Mark’s History: Forgotten cholera graves of Bramley Baptist Churchyard

Photo: Mark Stevenson

Having seen the odd article in the West Leeds Dispatch about the volunteers giving up their time to look after the Bramley Baptist Church Graveyard on Hough Lane I went up to have a look, writes Mark Stevenson.

As you may have read in the Dispatch Major John Geoffrey Appleyard and many others who fell in the World Wars are buried there.

The memorial celebrating the life of decorated war hero Major John Geoffrey Appleyard is in Bramley Baptist Church. Photo: West Leeds Dispatch

Knowing that the people involved in the Bramley War Memorial had this well covered I wanted to see what else I could find.

Having walked up from Rodley it was interesting to see that the great crane makers of Rodley – Joseph Booth & Bros – have family buried here, one of whom fell in World War Two.

Grave of the Booth family from Rodley. Photo: Mark Stevenson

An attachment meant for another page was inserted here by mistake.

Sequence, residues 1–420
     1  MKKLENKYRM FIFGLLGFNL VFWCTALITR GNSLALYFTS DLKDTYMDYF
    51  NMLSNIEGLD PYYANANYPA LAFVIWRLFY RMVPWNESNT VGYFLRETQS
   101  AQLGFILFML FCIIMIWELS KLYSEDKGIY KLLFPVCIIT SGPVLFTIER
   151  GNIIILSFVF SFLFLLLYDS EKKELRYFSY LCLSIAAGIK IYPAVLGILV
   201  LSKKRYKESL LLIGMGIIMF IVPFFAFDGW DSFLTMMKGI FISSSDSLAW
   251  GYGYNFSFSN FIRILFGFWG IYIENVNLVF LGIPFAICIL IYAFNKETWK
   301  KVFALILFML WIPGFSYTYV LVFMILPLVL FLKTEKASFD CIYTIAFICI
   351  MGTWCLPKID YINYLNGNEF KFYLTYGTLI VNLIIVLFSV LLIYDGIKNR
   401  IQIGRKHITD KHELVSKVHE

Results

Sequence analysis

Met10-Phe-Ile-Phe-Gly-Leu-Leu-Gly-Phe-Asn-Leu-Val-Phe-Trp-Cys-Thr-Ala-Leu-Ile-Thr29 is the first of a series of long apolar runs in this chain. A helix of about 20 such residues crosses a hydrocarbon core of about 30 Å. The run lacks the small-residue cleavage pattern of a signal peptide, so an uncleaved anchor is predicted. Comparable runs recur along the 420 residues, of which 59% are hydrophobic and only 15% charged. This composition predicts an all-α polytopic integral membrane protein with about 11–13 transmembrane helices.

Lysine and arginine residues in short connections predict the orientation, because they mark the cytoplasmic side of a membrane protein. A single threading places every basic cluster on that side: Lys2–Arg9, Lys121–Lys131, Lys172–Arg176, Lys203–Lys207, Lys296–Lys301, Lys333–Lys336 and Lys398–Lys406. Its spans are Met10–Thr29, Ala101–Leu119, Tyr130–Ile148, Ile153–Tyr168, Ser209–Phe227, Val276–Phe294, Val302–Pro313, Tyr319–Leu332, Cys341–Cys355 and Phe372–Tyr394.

They used to live in Longfield House in Rodley, roughly where Longfield Garth is now.

Thomas Smith & Sons and Jeremiah Balmforth, both great engineers of their time based in Rodley, also have family buried here.

The graves that really got my interest were the cholera graves right at the back of the graveyard, nearly so overgrown you might miss them.

These date from the 1849 outbreak that killed thousands across the country no-one is sure of the exact figure due to lack of accurate record keeping.

The grave of a cholera victim in Bramley. Photo: Mark Stevenson

Many died in Leeds and the townships of West Leeds were no exception.

Another cholera victim’s grave. Photo: Mark Stevenson

Something else that was a bit of a surprise to me was how old the graveyard is –  nearly 240 years old.



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